“In Alaska, we have the most coastal area of any other state by far and it’s ripe for mariculture and the products that come from mariculture, and the market’s not going to go away,” Ortiz said. “So I was really excited about that, but I’m proud of the fact that my legislation has always come from my constituents, my constituents’ needs. They bring me the idea and we go with it.”
In an Alaska Beacon questionnaire, Ortiz identified “maintaining vital government services” as a top priority, including the Alaska Marine Highway System. On Monday, he said it’s important for the Alaska Marine Highway to “return to a reliable, predictable schedule that residents can come to depend on, businesses can come to depend on.”
Ferry service has been significantly reduced for several years due to things like funding cuts, an aging fleet and, more recently, finding people to hire, Ortiz said. With the federal infrastructure bill, though, “it’s a new ballgame.”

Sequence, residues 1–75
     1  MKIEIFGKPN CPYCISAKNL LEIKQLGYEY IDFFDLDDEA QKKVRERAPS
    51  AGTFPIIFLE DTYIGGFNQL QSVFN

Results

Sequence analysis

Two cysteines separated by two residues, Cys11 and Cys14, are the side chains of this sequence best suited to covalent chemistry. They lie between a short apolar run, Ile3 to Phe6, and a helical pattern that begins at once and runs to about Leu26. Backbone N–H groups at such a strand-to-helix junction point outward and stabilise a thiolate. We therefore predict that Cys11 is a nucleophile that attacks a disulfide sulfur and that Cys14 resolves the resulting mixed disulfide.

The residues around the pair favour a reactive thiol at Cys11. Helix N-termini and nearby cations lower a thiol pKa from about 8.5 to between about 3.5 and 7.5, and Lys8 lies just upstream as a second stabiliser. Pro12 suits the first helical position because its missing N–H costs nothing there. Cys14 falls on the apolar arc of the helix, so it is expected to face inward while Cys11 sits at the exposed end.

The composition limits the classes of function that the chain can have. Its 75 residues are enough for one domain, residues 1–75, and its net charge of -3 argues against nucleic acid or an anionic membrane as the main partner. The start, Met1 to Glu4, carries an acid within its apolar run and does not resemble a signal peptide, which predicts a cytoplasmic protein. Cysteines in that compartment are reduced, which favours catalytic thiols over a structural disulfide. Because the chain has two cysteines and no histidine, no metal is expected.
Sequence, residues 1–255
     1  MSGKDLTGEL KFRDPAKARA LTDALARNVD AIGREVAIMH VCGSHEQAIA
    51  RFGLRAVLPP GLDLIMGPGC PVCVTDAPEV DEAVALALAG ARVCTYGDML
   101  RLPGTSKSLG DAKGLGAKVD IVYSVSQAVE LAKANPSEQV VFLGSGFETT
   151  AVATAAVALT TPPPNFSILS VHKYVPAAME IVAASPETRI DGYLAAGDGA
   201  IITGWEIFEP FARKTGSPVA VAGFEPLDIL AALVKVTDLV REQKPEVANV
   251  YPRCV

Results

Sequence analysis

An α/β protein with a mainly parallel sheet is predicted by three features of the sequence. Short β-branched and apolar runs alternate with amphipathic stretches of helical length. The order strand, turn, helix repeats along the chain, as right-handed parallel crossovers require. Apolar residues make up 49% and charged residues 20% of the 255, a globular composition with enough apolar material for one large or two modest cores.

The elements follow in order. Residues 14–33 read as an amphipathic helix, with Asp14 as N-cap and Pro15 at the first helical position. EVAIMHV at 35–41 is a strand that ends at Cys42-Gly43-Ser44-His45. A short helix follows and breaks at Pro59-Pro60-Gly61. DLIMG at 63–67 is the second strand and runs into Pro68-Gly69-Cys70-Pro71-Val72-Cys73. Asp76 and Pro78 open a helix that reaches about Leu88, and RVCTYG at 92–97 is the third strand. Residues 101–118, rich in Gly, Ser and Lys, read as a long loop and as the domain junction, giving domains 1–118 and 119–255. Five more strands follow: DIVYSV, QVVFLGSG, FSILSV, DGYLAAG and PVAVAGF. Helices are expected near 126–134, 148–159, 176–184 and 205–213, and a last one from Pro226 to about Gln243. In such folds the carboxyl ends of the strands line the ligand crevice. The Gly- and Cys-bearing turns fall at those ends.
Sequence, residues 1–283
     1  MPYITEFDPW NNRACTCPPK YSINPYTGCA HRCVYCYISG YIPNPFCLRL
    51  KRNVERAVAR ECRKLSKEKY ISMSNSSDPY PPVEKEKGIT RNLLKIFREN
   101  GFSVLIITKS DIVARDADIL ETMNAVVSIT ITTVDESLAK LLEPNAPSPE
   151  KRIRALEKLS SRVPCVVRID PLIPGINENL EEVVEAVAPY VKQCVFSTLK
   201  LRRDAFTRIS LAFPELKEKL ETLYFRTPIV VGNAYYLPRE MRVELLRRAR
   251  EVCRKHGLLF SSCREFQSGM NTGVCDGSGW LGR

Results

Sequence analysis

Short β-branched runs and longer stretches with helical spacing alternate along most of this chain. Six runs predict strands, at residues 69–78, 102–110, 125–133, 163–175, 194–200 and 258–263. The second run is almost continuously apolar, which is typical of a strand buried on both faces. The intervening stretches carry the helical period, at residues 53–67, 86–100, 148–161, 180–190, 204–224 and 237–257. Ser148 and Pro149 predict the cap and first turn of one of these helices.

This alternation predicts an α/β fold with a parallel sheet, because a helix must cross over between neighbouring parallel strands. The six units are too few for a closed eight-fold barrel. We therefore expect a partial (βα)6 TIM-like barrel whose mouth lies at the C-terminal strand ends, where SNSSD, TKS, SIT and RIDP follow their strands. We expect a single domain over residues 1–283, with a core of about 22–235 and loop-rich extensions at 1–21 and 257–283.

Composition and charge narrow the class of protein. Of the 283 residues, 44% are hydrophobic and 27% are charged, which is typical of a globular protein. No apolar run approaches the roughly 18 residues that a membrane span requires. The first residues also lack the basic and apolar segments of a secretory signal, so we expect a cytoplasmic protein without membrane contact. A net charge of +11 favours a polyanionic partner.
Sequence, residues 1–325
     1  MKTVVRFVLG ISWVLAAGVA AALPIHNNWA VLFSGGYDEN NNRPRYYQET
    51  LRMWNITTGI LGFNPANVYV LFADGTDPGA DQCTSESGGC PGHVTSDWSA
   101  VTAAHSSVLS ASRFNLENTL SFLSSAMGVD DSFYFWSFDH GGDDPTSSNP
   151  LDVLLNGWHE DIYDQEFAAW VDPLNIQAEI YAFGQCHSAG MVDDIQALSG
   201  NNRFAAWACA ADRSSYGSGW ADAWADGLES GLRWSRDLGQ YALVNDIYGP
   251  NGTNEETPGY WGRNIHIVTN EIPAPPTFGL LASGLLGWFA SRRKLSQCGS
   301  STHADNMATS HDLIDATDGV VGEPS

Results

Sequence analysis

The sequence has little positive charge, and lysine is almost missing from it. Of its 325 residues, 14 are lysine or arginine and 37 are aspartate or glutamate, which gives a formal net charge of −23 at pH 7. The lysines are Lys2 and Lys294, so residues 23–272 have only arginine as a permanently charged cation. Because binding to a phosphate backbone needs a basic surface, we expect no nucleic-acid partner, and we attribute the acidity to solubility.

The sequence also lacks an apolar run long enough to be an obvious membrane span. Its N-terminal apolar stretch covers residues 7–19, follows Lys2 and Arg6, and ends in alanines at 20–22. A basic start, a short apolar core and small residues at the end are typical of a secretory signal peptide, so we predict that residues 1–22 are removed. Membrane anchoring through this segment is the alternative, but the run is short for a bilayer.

Ortiz hopes funding from the bill will go directly to operations and to repairing and building ships. “I’m hopeful that we’ll be able to restore the system back to where it was before the 2018 budget level of service.”
Challenger points to hydropower experience
Originally from Oregon, Bynum, 47, moved to Ketchikan in 2016 after spending summers in the community. He’s acting manager for the electric division of the City of Ketchikan’s public utilities and has been on the Borough Assembly since 2020. Both these experiences will help in state office, he said.